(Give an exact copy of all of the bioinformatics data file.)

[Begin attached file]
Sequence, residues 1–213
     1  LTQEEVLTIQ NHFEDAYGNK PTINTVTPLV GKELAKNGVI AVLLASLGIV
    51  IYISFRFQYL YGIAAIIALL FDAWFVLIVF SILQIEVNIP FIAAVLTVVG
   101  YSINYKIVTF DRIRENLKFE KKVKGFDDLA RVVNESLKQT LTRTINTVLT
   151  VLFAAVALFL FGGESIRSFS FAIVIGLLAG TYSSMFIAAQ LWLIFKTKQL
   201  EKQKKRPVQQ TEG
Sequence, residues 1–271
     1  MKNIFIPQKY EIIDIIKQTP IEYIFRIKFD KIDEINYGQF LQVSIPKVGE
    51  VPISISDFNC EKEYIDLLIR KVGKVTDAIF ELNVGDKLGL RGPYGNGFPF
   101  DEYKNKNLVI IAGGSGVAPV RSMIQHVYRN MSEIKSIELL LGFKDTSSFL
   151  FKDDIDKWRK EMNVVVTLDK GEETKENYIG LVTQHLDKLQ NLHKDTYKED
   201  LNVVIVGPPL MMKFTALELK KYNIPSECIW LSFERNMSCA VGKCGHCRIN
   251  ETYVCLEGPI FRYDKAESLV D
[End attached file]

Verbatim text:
Sequence, residues 1–213
     1  LTQEEVLTIQ NHFEDAYGNK PTINTVTPLV GKELAKNGVI AVLLASLGIV
    51  IYISFRFQYL YGIAAIIALL FDAWFVLIVF SILQIEVNIP FIAAVLTVVG
   101  YSINYKIVTF DRIRENLKFE KKVKGFDDLA RVVNESLKQT LTRTINTVLT
   151  VLFAAVALFL FGGESIRSFS FAIVIGLLAG TYSSMFIAAQ LWLIFKTKQL
   201  EKQKKRPVQQ TEG
Sequence, residues 1–271
     1  MKNIFIPQKY EIIDIIKQTP IEYIFRIKFD KIDEINYGQF LQVSIPKVGE
    51  VPISISDFNC EKEYIDLLIR KVGKVTDAIF ELNVGDKLGL RGPYGNGFPF
   101  DEYKNKNLVI IAGGSGVAPV RSMIQHVYRN MSEIKSIELL LGFKDTSSFL
   151  FKDDIDKWRK EMNVVVTLDK GEETKENYIG LVTQHLDKLQ NLHKDTYKED
   201  LNVVIVGPPL MMKFTALELK KYNIPSECIW LSFERNMSCA VGKCGHCRIN
   251  ETYVCLEGPI FRYDKAESLV D